• Lucie KOLB is a project manager at the Sitterwerk Foundation in St. Gallen, where she curated the exhibition "Reading the Library" (2021) and has been conducting the research project "Teaching the Radical Catalogue. A Syllabus" (2021-22). She holds a master's degree in Fine Arts from Zurich University of the Arts and a doctoral degree in Art and Cultural Studies from the Academy of Fine Arts Vienna. She has also been working as a senior researcher at the Critical Media Lab in the Institute for Experimental Design and Media Cultures FHNW and is the co-founder and editor of Brand-New-life, an online magazine on contemporary art.

    Speech title:

    The Sitterwerk Art Library and Its Dynamic Order Using RFID


    Sitterwerk Art Library in St. Gallen has developed guided RFID technology to implement book stack management since 2010. This means that the 12,000 books do not have a fixed shelving place and are no longer shelved according to their call numbers. Yet, users can easily find their locations at any time via the catalog. This is a result of a technology known as "Dynamic Order", which enables a new and personal use of the Library. Additionally, tables equipped with RFID reading antennas allow documentation of work processes that make use of books and material samples collected by the Library. The documented information then facilitates real-time networking with other researchers via a web platform. This presentation will bring in innovative ideas of how libraries can use simple technical interventions to make them more networked with users.

HKBU Faculty Speakers



Associate Professor, Department of History, Hong Kong Baptist University
  • Dr. KWONG Chi Man is an associate professor in the history department of Hong Kong Baptist University. He specializes in the military and naval history of modern East Asia, particularly from the Sino-Japanese War (1894–95) to the 1970s. He has published Eastern Fortress: A Military History of Hong Kong, 1840–1970 (co-authored, Hong Kong Book Prize 2019) and War and Geopolitics in Interwar Manchuria. His works can also be found in Modern Asian Studies, War in History, and Journal of Military History.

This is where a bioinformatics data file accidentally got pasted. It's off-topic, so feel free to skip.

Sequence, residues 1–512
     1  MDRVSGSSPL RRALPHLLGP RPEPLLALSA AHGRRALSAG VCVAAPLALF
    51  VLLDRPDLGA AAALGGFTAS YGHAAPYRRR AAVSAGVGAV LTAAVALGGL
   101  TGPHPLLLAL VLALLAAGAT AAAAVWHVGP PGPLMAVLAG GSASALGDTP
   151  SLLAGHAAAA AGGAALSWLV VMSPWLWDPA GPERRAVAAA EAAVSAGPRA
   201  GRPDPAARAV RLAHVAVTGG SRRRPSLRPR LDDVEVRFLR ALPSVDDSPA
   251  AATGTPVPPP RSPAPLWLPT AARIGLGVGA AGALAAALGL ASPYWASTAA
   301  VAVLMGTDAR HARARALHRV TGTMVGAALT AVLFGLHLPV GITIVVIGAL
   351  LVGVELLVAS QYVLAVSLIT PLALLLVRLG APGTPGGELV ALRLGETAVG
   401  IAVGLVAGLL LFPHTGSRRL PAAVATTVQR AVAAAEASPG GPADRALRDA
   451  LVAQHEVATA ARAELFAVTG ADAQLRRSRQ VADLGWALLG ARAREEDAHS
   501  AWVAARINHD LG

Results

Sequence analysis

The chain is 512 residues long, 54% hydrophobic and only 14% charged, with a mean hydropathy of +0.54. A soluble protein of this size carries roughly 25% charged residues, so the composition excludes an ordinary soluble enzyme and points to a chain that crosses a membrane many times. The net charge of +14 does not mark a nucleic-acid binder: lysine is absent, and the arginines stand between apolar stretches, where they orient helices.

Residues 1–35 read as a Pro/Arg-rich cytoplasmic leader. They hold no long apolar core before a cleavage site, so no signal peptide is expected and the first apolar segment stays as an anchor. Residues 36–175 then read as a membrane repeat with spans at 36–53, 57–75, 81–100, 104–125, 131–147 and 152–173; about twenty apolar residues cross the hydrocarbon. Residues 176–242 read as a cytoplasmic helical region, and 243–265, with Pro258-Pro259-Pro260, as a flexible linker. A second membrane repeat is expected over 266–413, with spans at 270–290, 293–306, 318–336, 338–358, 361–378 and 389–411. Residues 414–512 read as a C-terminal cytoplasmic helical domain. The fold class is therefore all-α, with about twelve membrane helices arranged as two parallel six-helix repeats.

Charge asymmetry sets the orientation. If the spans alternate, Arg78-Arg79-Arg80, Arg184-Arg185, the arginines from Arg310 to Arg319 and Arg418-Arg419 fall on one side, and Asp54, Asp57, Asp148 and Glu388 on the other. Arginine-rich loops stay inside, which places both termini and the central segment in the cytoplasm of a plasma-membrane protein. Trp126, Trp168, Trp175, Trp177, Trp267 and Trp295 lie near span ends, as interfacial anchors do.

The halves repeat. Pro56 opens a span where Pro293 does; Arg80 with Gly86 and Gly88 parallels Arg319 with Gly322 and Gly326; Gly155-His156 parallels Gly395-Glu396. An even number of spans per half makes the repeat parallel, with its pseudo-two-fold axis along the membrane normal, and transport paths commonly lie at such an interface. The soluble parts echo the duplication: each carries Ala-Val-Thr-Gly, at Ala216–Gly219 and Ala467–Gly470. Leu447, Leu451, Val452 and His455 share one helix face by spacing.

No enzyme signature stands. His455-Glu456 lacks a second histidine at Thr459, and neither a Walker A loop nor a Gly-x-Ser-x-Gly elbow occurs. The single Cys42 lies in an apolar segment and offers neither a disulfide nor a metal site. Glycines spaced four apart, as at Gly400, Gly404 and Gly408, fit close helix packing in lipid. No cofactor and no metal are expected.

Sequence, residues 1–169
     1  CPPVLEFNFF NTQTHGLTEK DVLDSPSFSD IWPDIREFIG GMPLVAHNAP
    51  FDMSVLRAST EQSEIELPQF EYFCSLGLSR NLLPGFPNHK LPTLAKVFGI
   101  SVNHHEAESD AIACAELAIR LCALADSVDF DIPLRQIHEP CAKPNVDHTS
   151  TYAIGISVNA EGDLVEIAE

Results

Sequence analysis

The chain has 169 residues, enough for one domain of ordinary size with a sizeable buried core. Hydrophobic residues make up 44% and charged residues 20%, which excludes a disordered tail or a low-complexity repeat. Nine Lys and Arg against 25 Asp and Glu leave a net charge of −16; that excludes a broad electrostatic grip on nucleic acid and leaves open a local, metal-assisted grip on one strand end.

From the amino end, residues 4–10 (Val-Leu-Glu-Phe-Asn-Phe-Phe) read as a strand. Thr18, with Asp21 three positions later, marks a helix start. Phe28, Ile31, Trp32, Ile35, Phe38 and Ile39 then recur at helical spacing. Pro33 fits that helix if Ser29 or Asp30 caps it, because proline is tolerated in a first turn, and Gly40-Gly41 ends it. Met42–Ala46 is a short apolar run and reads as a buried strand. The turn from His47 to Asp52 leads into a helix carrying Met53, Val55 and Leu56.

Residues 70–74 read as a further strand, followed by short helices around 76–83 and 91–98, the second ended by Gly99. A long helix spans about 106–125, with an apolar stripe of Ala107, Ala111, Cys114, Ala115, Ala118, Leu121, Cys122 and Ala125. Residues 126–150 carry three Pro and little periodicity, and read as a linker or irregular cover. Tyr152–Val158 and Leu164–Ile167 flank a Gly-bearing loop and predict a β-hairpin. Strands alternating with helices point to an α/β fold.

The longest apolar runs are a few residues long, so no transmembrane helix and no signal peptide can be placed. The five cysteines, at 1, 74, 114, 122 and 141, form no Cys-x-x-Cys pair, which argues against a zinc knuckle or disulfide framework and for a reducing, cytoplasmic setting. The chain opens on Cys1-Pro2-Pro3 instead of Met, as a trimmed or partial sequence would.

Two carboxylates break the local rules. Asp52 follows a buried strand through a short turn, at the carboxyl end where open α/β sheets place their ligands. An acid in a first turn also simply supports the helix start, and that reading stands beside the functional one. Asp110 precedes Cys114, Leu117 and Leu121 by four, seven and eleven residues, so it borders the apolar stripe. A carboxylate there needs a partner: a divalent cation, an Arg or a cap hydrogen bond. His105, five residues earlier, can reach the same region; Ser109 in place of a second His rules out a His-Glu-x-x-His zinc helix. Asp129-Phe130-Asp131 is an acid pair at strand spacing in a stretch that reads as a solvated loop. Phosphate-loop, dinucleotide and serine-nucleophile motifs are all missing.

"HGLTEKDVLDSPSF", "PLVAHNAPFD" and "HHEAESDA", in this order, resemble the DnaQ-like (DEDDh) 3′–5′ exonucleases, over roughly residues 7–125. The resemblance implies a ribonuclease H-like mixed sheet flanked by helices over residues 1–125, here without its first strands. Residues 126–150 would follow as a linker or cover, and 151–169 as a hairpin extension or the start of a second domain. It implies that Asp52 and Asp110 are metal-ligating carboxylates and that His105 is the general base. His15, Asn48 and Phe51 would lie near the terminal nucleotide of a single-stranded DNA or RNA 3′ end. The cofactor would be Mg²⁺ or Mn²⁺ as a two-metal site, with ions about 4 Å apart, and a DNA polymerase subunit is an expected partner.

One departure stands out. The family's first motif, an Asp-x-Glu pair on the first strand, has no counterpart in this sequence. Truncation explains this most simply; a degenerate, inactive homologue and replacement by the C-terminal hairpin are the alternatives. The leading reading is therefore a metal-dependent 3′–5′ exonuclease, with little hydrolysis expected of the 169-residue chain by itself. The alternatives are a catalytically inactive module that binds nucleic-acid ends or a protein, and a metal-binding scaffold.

Project to be discussed in his presentation: The Battle of Hong Kong 1941: A Spatial History Project


Assistant Professor, Department of Communication Studies, Hong Kong Baptist University
  • Stephanie Jean TSANG is Assistant Professor in the Department of Communication Studies, School of Communication, Hong Kong Baptist University, where she leads the Audience Research Lab (BUAR). She also serves as the director of HKBU FactCheck Service. Her research focuses on the psychology of the media audiences, particularly the study of message effects and persuasion on digital media.

    Project to be discussed in her presentation: Facebook News Analytic Website


Researcher, Open University of Catalonia (UOC)
Former Assistant Professor, Department of Translation, Interpreting and Intercultural Studies, Hong Kong Baptist University
  • Maialen MARIN-LACARTA is a Researcher at the Open University of Catalonia (UOC) in Spain, where she leads an international team of 9 researchers on a Spanish government-funded project on digital translations and the production of knowledge about China. Prior to joining UOC, she was Assistant Professor at HKBU, where she was awarded two UGC funded projects: a General Research Fund grant and an Early Career Scheme Grant. In 2019, Marin-Lacarta received the President’s Award for Outstanding Performance as Young Researcher at HKBU. Marin-Lacarta’s research areas include literary translation, modern and contemporary Chinese and Sinophone literature, literary reception, translation history, indirect translation, research methodologies and digital publishing. Her publications have appeared in journals such as The Translator, Translation Studies, Perspectives and Meta.

    Project to be discussed in her presentation: HKKH: Sinophone Hong Kong literature: translation anthologies

Online Registration

You are highly recommended to register if you plan to attend this virtual event. Only pre-registered participants can attend the symposium via Zoom, which will allow you to ask questions via its Q&A feature and join the online polls during the sessions.

This is a CCL credit bearing event. HKBU students are welcome to participate and earn 1 CCL credit.